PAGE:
Beggar mafia | By Zainab Nazir 

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Beggar mafia


THE sight of children with their poker faces lost in the trackless jungle of pain, women with reptile eyes and unkempt hair and disabled and disadvantaged old people begging throughout the day and the night across Pakistan’s streets is a grim and constant reminder of the millions who live in abject poverty.

Begging is one of the most ancient pandemics in the world. Pakistan is fraught with beggars of all shapes and ages.

From a child barely able to talk and walk to a young educated adult to an old disabled person, and from a needy to an expert to an appointed professional, many people are seen to be buried in the curse of begging. In our part of the world, beggary mafia has turned into a form of ‘organized crime’.

The organizers have criminal intentions to maximize profit for themselves by forcing people, mostly children, to beg.

There is a hand supporting every palm soliciting alms. Children are kidnapped, transformed and traded between different begging gangs.

The gang leaders exploit people by preying on their economic and financial vulnerabilities.

The social evil of beggary is destabilising and demoralising our nation and giving birth to uncertainty and insecurity.

While poverty is real, begging is quite often carried out in organized plans and gangs.

Groups and gangs use advanced technologies such as smartphones, emails, and modern transportation systems to plan and implement their mafia goals.

For example, smartphones are used not only to beg, but also to trace the location of the beggar, to inform beggars about law enforcement activities and warning them when “anti-begging squads” are near.

Motorbikes are used to help the member beggars to disappear from the sight of danger.

The beggar children are mostly those who were first abducted by mafia, and then turned into a hideous appearance or disability. The street beggars do not keep the money for themselves.

For every street, every intersection, every shrine, every public park, there exists a mafia that employs children and sometimes adults to work for them.

There is a huge influx of institutionalised begging mafia to our land and it is the responsibility of people at the helm to take action and find solutions in an appropriate and humane manner.

A big proportion of Pakistan’s population is below the poverty line. Begging has become an occupation in today’s world. The beggars masquerade or use different guises as their emotional tools.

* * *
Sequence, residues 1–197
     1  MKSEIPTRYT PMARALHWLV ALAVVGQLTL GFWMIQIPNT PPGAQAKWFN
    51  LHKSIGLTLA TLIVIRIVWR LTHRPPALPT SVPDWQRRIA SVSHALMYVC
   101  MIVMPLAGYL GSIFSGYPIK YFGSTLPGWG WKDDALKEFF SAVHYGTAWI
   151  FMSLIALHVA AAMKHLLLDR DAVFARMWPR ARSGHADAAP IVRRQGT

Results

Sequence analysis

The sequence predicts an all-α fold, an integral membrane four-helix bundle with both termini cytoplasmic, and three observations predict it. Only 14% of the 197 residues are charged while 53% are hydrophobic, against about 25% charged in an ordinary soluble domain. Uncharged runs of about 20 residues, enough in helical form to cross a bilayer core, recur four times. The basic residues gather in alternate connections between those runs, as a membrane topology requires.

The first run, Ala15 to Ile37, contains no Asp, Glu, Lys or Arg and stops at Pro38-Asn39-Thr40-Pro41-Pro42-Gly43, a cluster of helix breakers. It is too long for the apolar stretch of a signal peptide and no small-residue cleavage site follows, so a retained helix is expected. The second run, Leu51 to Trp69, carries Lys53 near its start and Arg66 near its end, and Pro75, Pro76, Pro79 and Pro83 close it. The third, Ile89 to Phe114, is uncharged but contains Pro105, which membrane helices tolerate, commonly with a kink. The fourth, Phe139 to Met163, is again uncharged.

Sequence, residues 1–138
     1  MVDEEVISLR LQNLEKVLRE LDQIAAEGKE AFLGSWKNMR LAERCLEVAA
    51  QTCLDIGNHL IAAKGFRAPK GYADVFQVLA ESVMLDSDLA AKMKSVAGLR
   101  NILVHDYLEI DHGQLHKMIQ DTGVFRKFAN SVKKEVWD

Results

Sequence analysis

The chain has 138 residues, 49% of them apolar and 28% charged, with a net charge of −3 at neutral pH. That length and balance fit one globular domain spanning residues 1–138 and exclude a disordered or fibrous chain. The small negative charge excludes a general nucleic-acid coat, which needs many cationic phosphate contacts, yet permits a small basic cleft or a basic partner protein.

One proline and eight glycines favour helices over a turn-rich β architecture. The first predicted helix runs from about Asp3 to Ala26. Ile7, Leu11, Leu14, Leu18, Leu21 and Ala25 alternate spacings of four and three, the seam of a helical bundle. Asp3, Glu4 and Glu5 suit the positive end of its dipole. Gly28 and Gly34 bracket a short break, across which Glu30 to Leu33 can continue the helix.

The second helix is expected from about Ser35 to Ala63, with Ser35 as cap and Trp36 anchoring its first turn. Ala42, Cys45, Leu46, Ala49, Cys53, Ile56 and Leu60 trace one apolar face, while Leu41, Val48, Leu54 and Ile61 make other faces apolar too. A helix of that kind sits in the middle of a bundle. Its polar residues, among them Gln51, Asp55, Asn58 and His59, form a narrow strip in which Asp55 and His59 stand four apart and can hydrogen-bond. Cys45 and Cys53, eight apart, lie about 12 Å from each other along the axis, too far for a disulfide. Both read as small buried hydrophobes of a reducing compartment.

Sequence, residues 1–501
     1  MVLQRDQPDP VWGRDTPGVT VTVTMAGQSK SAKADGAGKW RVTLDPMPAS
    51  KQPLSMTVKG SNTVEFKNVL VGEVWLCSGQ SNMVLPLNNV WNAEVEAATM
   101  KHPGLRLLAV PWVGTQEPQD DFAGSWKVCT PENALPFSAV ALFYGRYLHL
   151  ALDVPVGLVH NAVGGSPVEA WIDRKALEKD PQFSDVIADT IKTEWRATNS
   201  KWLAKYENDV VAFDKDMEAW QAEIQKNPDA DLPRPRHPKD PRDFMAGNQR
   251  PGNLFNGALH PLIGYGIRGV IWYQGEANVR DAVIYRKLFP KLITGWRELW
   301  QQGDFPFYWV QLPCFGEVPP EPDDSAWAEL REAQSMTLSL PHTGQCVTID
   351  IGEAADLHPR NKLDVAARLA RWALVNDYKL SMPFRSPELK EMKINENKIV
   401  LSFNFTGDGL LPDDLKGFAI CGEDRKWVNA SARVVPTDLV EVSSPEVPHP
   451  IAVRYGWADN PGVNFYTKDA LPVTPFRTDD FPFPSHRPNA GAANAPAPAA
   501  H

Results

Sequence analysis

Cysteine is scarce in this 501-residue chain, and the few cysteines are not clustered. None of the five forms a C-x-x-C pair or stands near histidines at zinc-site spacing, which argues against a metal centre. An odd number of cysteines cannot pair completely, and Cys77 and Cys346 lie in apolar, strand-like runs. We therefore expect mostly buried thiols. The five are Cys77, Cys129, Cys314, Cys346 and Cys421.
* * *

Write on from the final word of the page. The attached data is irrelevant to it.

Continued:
Fake blinds, fake disabled and fake dumb can be seen in every nook and cranny of our country.

Beggars deliberately mutilate and disfigure themselves to get more money and sympathy from people.

Orphaned and under-privileged children are at the highest risk of exploitation and slavery.

The sad reality is that the begging children are even unaware of what they are being forced to do.

Beggars working under the protection of different mafias are also expected to be involved in crimes such as robbery, drug trafficking, kidnapping and sometimes prostitution as well.

The existence and addition of the beggar mafia in Pakistan is a clear reflection of state failure due to the prevailing political, social, and economic conditions

. Based on current data, beggar mafia is likely to grow and flourish; criminal begging groups are becoming more complex, as they network and collaborate with other illegal organizations, and incorporate other planned criminal activities into their agencies.

Beggars have existed in human society even before the dawn of history. Not only anti-beggary units, but we all are equally responsible for cleansing our society from this mafia.

There is no law to counter this begging business and the social evils that it carries with it.

Everyone now and then as your car stops at the traffic signal a hand knocks on the window asking for money.

This puts one in a dilemma, should I give him or not? Giving to a beggar is an impulsive action, something that makes you feel good. But instead of giving money to beggars we can fulfil their needs.

If a child asks for food, give him food. If a man says he needs to pay the school dues of his son, go and pay for him.

If a woman says she needs to get milk for her little one, go and buy her milk. If the person is capable of doing labour, offer them work.

If a man says he needs to pay his house rent, go and pay his rent. Nipping it in the bud would help us counter this mafia.

—The writer is an English literature and linguistics graduate based in Islamabad.

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